Come for the convenience, stay for the community - that’s the idea behind Farmigo.
Started in 2009 as a provider of software that helps farmers sell products through Community Supported Agriculture (CSA) setups--in which consumers pledge regular support to a farm in exchange for shares of crops, and other direct-to-consumer programs--the Brooklyn-based startup in 2012 launched a service for consumers to order food from a network of local farms and pick up the baskets at a common location.
It’s kind of like FreshDirect meets an on-demand farmers market. You might even call it the Uber for CSAs.
“We wanted to tap into a much broader customer segment, that while they like the ideal of a CSA, they really want to feel like they’re picking what they’re getting every week,” says founder and CEO Benzi Ronen, who started the business with his coworker Yossi Pik. The two, both age 44, met while working at enterprise software company SAP where Pik served as vice president of engineering and Ronen as VP of product management.
Farmigo relies on volunteer organizers to establish pickup locations in exchange for discounts on their orders or, in some cases, commissions on sales. Commissions can also be donated to a school, if that’s the pickup location. Users order items online for pickup during time windows set by organizers on pickup days set by location by Farmigo. The startup currently serves 15,000 families from 350 pickup sites located in New York, New Jersey, Northern California and, as of this month, the Seattle-Tacoma area. It has raised $26 million to date, from the likes of Benchmark and Sherbrooke Capital.
Available products include produce, dairy and prepared foods like soup. Items are sourced from a maximum distance of about 250 miles away, says Ronen - a fraction of the average 1,500 miles food in the United States typically travels from farm to table.
The spirit of the startup is informed by the idea of a kibbutz, or an agricultural communal settlement in Israel. Ronen has volunteered at a kibbutz and his Israeli father founded one. Ronen and Pik met while working for SAP in Israel, and Pik leads Farmigo’s development center in Tel Aviv.
At a kibbutz, people work cooperatively and consume in proportion to their needs, explains Ronen. While the company doesn’t necessarily operate like a kibbutz, some of its engineers in Israel have lived in such communities. Ronen zooms out the perspective to talk about how the idea of a halutz - a Hebrew term he says can be used to refer to the founder of a kibbutz - plays into the culture of entrepreneurship in Israel.
Referencing the 2009 book Start-up Nation: The Story of Israel’s Economic Miracle, Ronen explains that Israel’s history has shaped it into a fertile incubator for entrepreneurship. Start-up Nation drew praise for outlining a model other nations can follow. (In fairness, it also attracted criticism for neglecting to delve into the key roles of foreign aid and the conflict with Palestine in Israel’s economy.)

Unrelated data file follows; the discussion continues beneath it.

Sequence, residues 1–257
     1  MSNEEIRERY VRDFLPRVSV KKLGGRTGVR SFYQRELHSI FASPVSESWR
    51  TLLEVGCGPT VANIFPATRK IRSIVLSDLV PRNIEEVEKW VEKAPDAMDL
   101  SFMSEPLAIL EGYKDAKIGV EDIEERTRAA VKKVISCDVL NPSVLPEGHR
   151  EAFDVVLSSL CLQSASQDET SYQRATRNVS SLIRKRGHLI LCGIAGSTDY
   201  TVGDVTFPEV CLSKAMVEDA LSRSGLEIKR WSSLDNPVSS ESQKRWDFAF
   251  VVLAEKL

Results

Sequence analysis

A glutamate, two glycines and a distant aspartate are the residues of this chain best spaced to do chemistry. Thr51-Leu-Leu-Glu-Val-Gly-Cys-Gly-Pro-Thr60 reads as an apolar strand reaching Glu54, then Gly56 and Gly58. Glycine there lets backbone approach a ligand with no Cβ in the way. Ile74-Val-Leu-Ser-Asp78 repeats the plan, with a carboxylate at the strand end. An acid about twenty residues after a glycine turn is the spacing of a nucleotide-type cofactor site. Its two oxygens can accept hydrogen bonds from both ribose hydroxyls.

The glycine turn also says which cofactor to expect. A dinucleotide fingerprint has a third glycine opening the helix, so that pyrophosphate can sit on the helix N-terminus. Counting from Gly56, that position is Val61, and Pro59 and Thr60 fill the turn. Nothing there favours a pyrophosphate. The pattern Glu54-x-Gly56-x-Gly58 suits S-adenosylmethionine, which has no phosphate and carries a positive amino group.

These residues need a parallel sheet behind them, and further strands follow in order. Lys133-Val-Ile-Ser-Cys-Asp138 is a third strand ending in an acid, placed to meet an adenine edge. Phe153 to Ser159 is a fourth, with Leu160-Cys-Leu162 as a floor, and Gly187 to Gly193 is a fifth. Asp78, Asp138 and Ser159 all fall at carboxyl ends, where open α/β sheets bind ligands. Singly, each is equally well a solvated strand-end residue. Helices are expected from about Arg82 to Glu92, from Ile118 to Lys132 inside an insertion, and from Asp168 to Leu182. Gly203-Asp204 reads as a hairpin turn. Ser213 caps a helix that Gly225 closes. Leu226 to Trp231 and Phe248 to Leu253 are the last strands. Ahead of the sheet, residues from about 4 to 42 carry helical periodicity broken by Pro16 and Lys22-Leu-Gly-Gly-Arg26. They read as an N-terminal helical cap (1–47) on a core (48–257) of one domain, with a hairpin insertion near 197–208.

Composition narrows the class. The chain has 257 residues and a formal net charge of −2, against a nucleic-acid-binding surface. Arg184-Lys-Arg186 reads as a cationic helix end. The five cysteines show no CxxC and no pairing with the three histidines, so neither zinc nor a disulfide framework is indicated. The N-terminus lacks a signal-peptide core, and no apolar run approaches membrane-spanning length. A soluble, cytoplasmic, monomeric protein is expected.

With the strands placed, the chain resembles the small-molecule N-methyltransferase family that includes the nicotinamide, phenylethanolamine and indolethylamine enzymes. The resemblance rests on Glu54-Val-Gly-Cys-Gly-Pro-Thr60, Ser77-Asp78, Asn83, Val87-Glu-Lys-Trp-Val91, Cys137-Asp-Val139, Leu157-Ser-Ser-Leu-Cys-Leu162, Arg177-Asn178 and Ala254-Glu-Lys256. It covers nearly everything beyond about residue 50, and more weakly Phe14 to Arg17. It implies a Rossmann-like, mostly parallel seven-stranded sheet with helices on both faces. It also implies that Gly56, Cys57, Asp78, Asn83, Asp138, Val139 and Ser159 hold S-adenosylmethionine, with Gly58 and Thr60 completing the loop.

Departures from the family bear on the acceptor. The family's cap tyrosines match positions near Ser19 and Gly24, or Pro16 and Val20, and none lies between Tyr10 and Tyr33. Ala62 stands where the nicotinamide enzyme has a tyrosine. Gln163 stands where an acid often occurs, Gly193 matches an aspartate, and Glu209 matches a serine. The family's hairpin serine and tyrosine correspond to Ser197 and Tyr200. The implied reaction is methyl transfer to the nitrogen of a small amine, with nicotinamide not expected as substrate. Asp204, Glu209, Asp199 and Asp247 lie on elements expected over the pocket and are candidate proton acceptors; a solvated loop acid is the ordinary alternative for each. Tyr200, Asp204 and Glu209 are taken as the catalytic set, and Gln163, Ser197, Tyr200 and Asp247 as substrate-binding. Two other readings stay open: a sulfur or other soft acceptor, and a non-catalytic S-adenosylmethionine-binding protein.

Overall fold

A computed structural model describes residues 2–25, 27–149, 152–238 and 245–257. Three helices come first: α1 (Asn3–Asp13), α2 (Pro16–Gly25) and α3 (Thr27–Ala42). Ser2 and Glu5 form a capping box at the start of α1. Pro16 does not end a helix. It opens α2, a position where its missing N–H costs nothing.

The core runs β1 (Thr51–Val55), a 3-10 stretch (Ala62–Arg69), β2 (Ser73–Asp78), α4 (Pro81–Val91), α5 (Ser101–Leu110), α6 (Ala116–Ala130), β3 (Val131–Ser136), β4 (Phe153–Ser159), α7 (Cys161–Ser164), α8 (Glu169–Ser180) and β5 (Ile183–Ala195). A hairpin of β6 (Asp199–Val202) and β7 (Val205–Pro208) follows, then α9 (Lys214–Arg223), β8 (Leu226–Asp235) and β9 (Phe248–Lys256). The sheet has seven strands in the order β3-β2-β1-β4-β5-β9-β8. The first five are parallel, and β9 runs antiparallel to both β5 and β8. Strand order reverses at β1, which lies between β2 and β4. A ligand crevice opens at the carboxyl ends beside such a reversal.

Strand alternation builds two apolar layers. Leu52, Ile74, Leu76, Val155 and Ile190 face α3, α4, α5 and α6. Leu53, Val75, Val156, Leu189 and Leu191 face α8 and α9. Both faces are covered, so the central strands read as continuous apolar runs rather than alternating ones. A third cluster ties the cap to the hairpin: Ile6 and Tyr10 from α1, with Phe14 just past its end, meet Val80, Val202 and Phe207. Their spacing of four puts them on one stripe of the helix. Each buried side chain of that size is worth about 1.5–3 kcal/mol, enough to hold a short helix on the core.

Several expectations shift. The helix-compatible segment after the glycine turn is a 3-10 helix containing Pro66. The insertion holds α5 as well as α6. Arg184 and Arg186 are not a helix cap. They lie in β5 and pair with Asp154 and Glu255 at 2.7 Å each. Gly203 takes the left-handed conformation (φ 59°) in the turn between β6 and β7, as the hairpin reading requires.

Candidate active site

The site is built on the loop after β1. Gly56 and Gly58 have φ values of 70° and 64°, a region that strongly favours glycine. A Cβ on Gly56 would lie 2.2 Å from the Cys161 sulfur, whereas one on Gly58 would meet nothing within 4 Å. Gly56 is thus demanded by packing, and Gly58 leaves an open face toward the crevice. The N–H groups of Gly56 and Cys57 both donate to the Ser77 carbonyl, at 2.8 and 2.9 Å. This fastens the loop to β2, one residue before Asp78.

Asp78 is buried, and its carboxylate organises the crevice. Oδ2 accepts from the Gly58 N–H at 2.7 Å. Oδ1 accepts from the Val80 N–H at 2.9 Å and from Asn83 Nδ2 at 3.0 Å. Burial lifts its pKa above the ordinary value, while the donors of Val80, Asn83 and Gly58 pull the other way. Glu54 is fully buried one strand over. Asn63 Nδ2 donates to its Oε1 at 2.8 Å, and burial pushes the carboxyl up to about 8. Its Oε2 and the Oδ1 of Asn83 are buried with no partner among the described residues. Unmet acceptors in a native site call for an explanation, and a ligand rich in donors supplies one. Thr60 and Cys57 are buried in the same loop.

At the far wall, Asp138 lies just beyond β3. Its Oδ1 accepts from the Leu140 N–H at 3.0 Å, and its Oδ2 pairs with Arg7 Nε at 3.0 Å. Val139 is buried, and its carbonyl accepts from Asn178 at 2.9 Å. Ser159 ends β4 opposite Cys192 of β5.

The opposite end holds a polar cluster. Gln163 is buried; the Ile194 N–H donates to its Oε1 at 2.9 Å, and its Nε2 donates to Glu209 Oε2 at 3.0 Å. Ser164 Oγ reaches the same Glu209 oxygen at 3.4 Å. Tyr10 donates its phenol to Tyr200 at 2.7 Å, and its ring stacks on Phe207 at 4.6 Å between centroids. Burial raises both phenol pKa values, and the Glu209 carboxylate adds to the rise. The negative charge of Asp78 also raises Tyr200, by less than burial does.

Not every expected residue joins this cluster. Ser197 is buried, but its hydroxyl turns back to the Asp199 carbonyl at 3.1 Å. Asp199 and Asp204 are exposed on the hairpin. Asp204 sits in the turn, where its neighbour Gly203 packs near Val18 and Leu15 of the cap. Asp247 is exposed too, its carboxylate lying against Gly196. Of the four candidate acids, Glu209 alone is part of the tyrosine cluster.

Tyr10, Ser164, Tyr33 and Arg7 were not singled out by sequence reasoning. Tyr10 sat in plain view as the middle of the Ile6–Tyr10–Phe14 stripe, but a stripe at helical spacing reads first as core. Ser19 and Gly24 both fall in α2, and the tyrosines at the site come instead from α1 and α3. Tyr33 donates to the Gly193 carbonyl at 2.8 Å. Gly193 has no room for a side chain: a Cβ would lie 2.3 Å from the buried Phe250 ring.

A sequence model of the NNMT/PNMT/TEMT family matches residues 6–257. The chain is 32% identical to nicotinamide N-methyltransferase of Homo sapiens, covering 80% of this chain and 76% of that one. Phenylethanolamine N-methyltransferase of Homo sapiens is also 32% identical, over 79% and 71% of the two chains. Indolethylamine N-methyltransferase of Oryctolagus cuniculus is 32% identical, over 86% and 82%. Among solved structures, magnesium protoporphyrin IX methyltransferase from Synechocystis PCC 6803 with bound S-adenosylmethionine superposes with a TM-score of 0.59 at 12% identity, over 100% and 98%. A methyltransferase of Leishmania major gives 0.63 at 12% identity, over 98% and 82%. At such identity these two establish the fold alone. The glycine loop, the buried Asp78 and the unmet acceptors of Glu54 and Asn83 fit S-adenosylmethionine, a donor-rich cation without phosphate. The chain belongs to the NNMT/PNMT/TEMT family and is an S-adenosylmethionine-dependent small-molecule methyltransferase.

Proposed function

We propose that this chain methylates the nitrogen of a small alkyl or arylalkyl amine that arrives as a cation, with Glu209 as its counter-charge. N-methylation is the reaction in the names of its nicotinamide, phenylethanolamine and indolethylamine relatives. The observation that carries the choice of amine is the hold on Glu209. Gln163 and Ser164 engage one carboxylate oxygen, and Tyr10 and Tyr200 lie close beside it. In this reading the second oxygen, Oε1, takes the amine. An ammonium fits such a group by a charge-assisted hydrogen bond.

Israelis have a mindset of worrying about the sustainability of their country’s existence, and so they’re less risk averse, Ronen says, apparently summarizing the book. This helps to create a culture rich in chutzpah, the Yiddish term for audacity, he continues wryly: “Every employee in an Israeli company feels like they’re the CEO.”
Conscription in the Israeli Defense Forces (compulsory for most 18-year-olds in the country) exposes a large number of Israelis to innovations in military technology such as missile guidance systems, he says - and so, many have the skills needed to build new technologies.
“Halutz literally means going ahead of someone, which is what pioneer means, right?” says Ronen. Historically the halutz went to the frontier, "which is the border."
The promise of fresh food sourced directly from farms isn’t a new thing. Farmigo is going up against the likes of FreshDirect, Good Eggs, Quinciple and others in its efforts to bring consumers the crispiest kale. But Ronen insists that Farmigo’s model is unique.
Because food is locally sourced, Farmigo cuts down on warehousing costs. Delivering to pickup locations means the company does away with to-your-doorstep delivery costs. The reduced cost of operations allows Farmigo to pay farmers 60 cents on every dollar the company spends. Ronen likens the minimal infrastructure to the approach of Uber, which runs a ridesharing service yet owns no cars, or Airbnb, which offers overnight stays without owning the properties where people are staying.
Pickup locations enhance a sense of community among users. The centralized locations are actually more convenient than waiting at home for items to arrive, he asserts. A parent can grab an order when picking the kids up from school, for example.
“I think something that’s pretty fundamental is that there’s no money changing hands at the organizer’s pickup site,” says Ronen. This allows the organizers to focus more on connecting with the people grabbing their groceries.
And human connection leads to customer loyalty. “That’s what I think we’re tapping into.”